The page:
Editor’s note: Liberty Forrest, author of several self-help books and a certified Law of Attraction Life Coach, explains how Christmas and toxic relationships may increase the pressure others place on us, and the pressure we place on ourselves. Read more about Liberty.
By Liberty Forrest
This season is supposed to be about wonder and magic, about loving and giving, aspects of our lives that we’re meant to be contemplating throughout the year but especially now. But somehow, it can become too easy to be swallowed up in shoulds, oughts and musts. Throughout the year, people expect us to be, do or give this or that, but at Christmas, this is all amplified. The expectations rise, and we feel pressured to be more, do more, give more.
Throw in all those unbearably emotional Hallmark films and touching adverts about family members happily gathered together at long last, the fire roaring beside the dining room table which is about to break under the weight of a ton of food and fine dishes, and right away we’re set up for disaster. Especially when we’re recovering from the fallout from a toxic relationship and a boatload of unhappiness. Still, we think we’re supposed to recreate those television fantasy Christmas scenes.
So we bust our backsides and decorate and bake and wrap gifts and clean and shop our brains out. We decorate every nook and cranny until our homes look like Christmas threw up all over them. We invite and entertain (at least we did in normal years, when we weren’t isolating because of coronavirus), putting on a smile when we’re choking on frustration, grief, or resentment. We eat until we’re sick.
We want it to be perfect for our families and friends. We stress about what we still have left to do, and we don’t think we’ll get it all done. But we have to do it. Because everyone expects it!!!
And there’s more than just what we’re expected to do for the holiday. There are massive expectations about what we expect it to do for us, too. We want it to feel like those very moving, final Hallmark scenes. We pray that maybe this is the year that Christmas will work the magic we keep hearing about. Maybe this is the year that it’ll heal long-standing family wounds. Maybe this is the year you can finally have a more “normal” Christmas without the sociopath ruining the entire season in one way or another.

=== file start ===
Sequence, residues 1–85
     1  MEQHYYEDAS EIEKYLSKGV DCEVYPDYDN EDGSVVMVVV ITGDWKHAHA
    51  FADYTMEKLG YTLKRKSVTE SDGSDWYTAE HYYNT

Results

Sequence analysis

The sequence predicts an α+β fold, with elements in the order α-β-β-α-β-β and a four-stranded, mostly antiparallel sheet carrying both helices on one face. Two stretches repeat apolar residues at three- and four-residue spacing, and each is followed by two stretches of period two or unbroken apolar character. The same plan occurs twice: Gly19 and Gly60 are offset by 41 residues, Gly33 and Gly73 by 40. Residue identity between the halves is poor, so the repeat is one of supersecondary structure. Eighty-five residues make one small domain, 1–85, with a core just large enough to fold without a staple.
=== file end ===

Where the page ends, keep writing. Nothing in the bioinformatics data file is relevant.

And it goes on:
So we carry on, stressing and preparing and worrying and then The Big Day arrives and we open the gifts and eat the food and see the family and/or friends. But it never feels like the Hallmark film or the touching advert. We feel terribly empty when that fantasy Christmas feeling just doesn’t happen and the family healing just doesn’t happen either.
And in fact, there may be some new scars added when, with all these extra pressures and expectations, you can add a large bowl of short fuses, and a hefty helping of crushing disappointment to the menu.
This season is supposed to be a reminder of what’s important in life. All of us know this, yet so many of us are on that Christmas hamster wheel, thinking that if we do more Christmas stuff, the holiday will mean even more. And it might just take away some of our pain.
But what happens is that it ends up meaning less. Dare I point out what that is really saying… it ends up “meaningless”… Ironically, it will, indeed, have reminded us – yet again – of what is important, but not in the way we had hoped. Not in the way we expected. It will be because we’ve heaped a ton of expectation on it and it will have let us down. Once again, we’ll have learned that despite all that insane shopping and baking and cleaning and wrapping and inviting, it did not produce the magic of the Hallmark films. And we just can’t understand it. After all, we did all the right stuff. Didn’t we?
Throughout the year, we expect certain things from others and from ourselves. And we let others’ expectations of us become what we expect from ourselves, too. Unfortunately, sometimes it’s a short trip from expectation to disrespect, and then you’re a stone’s throw from disaster. Very quickly, they blend one into the other like bleeding watercolours. Expectation is merely the mask of demand, and guilt is its cloak.
Christmas is a really huge “in-your-face” reminder not to just go through the motions in your life, doing what’s expected of you just for the sake of doing it. But remember the irony…the more you try to make Christmas perfect, the less likely it’s going to happen. Especially if you’re hoping it’ll wipe away the toxic residue of a sociopath’s fingerprints that cover your life. Elaborate Christmas preparations and expectations will often bring equally elaborate disappointments. The greatest Christmas joy can be found in the simplest of words and deeds.
If you stop expecting Christmas to repair all those family problems and wounds, and instead simply behave in a way that the holiday is meant to represent, you’re more likely to find some of the healing that you desire. If you reduce your expectations of others and simply enjoy what their presence brings to your life – not just now, but year-round – you will be much happier.
Don’t do more Christmas stuff. Be more Christmas-like. Every day. Your life will thank you for it.
This article was originally published at LibertyForrest.com. Reprinted with permission from the author.